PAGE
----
Nathaniel A. Barrett (born January 16, 1861 in Lawrence County) was the Mayor of East Lake before its annexation into Birmingham in 1910. He was later elected to a four year term as President of the Birmingham City Commission from 1917 to 1921.
Barrett was the son of carpenter David B. Barrett by his second wife, Charlotte Wilson Aldridge Barrett. He grew up on the family's Lawrence County farm with five siblings and three half-siblings. He attended the public schools and also a private academy headed by C. G. Lynch, then began studying medicine under C. A. Crow at Moulton before enrolling at the University of Alabama. He continued his education at Vanderbilt University's Department of Medicine in Nashville, Tennessee and was awarded his M.D. in 1886.
Barrett began practicing as a physician in Danville, Morgan County and was elected president of the Morgan County Medical Society. In 1891 he moved to East Lake in the outskirts of Birmingham and built a successful practice. He built a large home on the 7900 block of Underwood Avenue and married the former Annie Pearl Troup on May 5, 1891. He was one of the leaders involved in the move to incorporate East Lake as a municipality, which was affected in 1900, and he served as the city's first mayor. The former East Lake School was named for him in 1909.
Barrett challenged incumbent George Ward for the office of President of the Birmingham City Commission in the 1917 Birmingham municipal election. He was endorsed in that race by the True Americans, an anti-Catholic secret society which took issue with Ward's stance on honoring the Lord's Day. Barrett, a Baptist, had been a leader in the campaign to prohibit the showing of movies on Sundays, which Ward had voted to uphold. During the campaign Barrett labelled Ward, an Episcopalian, as a "tool of the Catholics". Barrett, for his part, was called a "narrow, bigoted, intolerant type, thoroughly incapacitated for the big task he seeks," by the Birmingham News, which had led efforts to put experienced business leaders into office.
Barrett won the election with strong support from the recently annexed suburban communities outside the business district. He famously switched from chewing tobacco to chewing gum as he convened his first meeting of the Board of Commissioners. His first act as Mayor was to fire police chief Martin Eagan, a Catholic, and install Ku Klux Klan official Thomas Shirley in his place. His accomplishments on the Commission included reducing expenditures. In 1920 he supported a move to increase property taxes and reduce merchant's license fees by 20 percent.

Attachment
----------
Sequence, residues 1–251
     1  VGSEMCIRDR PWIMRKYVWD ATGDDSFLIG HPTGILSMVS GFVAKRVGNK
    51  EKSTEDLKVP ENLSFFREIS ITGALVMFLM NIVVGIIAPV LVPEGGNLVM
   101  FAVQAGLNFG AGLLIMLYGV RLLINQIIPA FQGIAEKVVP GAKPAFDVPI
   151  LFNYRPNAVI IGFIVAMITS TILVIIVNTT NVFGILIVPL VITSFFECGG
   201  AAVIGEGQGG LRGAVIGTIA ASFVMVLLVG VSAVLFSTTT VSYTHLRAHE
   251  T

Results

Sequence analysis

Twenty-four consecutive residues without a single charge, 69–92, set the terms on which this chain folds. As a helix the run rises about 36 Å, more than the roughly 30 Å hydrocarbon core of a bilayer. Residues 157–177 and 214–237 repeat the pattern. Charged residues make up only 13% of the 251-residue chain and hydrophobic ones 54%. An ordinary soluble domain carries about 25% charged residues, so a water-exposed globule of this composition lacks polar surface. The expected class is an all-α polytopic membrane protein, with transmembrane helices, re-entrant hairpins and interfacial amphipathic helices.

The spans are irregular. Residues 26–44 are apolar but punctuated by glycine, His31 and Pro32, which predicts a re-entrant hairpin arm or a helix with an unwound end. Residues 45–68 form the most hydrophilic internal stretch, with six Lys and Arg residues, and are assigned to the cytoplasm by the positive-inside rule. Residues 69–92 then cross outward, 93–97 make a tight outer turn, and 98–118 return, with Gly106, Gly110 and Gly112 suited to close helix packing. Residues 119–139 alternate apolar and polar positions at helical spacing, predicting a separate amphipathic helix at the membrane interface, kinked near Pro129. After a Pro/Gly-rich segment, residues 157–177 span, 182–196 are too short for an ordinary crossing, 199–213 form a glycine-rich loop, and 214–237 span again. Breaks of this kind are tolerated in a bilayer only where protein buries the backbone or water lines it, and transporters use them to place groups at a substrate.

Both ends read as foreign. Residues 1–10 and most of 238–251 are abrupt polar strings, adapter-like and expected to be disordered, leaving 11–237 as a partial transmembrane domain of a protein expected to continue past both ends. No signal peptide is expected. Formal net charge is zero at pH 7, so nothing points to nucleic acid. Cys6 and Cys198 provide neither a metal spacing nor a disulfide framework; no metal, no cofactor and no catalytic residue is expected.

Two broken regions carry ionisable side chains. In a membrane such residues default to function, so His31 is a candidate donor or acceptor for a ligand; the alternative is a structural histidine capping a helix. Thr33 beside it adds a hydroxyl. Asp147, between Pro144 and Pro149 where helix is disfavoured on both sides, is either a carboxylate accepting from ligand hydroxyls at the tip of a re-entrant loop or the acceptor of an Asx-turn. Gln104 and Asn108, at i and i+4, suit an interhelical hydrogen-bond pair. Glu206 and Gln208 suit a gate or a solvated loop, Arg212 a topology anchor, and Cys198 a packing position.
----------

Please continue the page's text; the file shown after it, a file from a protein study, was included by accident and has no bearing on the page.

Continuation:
During his last year in office, Barrett celebrated the Semicentennial of Birmingham. The week-long event was crowned by his welcoming President Warren G. Harding for an eventful day in Birmingham.
Despite his interest in reforming the Birmingham Police Department, Barrett's administration was accused of being soft on vice as prostitution and gambling flourished, especially during World War I. His entire administration was replaced in the 1921 Birmingham City Commission election by a new slate of reformers headed by D. E. McLendon.
|President of Birmingham City Commission
- Moore, Daniel Decatur (1922) Men of the South: A Work for the Newspaper Reference Library. Southern Biographical Association
- Vick, Mary-Helen (1965) A Survey of the Governing Body of Birmingham, Alabama, 1910-1964. Master's thesis. Alabama College.
- Harris, Carl V. (1977) Political Power in Birmingham, 1871-1921. Twentieth-Century America Series. Knoxville: University of Tennessee Press. ISBN 087049211X